09/19/2014 | by

Described by some as the “bluest of blue chip” REITs in the United States, Boston Properties, Inc.’s (NYSE: BXP) portfolio of iconic, top-tier office assets is overseen today by CEO Owen Thomas.

As an outsider, Thomas, who has held the top post since succeeding co-founder Mort Zuckerman in April 2013, brought a wealth of real estate and business experience into the company. He previously served as chairman of Lehman Brothers Holdings Inc., the successor company to Lehman Brothers, and remains a director of the company. At Lehman, Thomas shepherded through the sale of Archstone Enterprise LP to apartment REITs Equity Residential (NYSE: EQR) and AvalonBay Communities, Inc. (NYSE: AVB) for $15 billion.

Thomas served at Morgan Stanley for more than 20 years, holding various senior positions, including head of Morgan Stanley Real Estate, president of Morgan Stanley Investment Management and CEO of Morgan Stanley Asia.

Thomas recently spoke with REIT Magazine on a number of topics ranging from taking over the helm of Boston Properties to the challenge of making acquisitions in New York City.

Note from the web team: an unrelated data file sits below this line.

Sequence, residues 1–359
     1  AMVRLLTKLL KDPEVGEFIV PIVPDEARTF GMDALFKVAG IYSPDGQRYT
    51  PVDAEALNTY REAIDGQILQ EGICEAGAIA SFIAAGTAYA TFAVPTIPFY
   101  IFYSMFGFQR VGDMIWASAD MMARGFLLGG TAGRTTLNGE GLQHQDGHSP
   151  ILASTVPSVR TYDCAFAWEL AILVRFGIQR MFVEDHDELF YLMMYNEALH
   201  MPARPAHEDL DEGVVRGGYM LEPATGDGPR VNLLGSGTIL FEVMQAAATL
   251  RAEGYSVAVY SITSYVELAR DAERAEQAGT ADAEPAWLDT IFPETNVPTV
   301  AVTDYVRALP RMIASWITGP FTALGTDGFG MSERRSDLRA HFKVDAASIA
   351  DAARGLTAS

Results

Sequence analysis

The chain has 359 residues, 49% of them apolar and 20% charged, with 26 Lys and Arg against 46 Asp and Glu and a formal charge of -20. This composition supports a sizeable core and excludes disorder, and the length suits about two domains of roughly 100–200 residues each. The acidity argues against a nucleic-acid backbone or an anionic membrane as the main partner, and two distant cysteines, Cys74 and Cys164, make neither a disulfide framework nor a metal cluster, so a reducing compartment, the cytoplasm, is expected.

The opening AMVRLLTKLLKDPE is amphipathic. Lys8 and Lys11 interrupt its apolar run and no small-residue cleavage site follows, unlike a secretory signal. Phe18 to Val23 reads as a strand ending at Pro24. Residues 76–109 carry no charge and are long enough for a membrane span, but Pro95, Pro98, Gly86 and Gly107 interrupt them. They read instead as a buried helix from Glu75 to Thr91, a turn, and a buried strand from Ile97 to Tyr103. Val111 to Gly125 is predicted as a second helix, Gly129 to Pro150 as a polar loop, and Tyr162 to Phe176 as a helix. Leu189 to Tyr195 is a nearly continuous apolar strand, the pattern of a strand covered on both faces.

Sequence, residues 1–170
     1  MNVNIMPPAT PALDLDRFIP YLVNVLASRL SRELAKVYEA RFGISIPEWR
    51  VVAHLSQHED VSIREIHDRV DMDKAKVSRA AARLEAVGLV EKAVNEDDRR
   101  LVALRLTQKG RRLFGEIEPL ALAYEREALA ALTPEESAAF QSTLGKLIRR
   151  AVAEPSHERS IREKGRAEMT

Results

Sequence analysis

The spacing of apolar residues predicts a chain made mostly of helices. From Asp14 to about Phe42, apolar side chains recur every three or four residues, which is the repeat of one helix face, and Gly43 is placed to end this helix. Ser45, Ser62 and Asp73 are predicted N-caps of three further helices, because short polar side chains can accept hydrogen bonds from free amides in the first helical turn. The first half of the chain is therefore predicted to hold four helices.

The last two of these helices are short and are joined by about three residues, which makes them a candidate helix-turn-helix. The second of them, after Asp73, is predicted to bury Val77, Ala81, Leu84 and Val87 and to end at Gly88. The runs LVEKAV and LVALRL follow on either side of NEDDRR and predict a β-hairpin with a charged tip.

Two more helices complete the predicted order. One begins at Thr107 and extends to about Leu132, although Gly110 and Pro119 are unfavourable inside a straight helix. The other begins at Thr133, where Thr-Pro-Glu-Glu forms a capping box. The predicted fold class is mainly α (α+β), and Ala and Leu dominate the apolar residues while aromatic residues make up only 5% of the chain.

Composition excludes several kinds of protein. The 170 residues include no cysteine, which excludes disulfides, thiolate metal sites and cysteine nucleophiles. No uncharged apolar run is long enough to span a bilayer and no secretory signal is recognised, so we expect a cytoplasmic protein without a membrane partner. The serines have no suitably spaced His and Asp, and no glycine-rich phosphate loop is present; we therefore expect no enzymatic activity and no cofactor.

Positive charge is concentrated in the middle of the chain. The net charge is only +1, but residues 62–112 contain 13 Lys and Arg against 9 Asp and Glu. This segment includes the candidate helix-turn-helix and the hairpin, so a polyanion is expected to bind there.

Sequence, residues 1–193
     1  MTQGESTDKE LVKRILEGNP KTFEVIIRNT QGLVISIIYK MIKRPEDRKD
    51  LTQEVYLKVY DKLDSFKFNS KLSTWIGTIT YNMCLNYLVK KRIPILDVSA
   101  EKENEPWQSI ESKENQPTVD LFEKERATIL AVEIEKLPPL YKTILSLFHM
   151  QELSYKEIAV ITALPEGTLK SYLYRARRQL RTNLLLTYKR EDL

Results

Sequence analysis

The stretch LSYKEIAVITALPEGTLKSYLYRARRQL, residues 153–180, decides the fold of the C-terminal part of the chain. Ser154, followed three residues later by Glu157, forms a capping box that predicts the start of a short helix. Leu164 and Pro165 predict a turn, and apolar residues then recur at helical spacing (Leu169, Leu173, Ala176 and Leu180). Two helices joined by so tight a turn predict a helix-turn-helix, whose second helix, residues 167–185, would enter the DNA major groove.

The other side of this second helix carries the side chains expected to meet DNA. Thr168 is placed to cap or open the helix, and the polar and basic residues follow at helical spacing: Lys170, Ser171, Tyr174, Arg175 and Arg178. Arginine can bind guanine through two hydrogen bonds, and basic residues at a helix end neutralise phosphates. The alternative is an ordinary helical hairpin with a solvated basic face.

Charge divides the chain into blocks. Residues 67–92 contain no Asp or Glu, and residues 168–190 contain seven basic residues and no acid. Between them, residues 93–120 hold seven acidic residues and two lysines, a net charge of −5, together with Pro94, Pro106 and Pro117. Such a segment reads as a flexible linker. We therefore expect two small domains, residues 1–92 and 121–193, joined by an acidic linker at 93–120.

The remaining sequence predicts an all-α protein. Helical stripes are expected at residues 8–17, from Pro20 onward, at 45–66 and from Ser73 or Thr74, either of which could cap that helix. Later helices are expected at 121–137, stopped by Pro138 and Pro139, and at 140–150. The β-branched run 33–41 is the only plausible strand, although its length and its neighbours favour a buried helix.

REIT: What were some of the issues you faced in coming to the top position from the outside, and what have been your main priorities?

Owen Thomas:  The team at Boston Properties is very accomplished and long-tenured, and there has been a very limited history of lateral hires, particularly at a senior level. My first priority was to get to know everyone, as well as the business, and to get integrated into the company’s activities. Mort and the senior management team have been supportive, and employees have been very welcoming. We are all working well together as a team.

Another priority at the outset was to evaluate Boston Properties’ market position and franchise in the context of the current business environment to ensure the management team and board were all in agreement on a strategy for the future.

Lastly, I have immersed myself in day-to-day execution activities.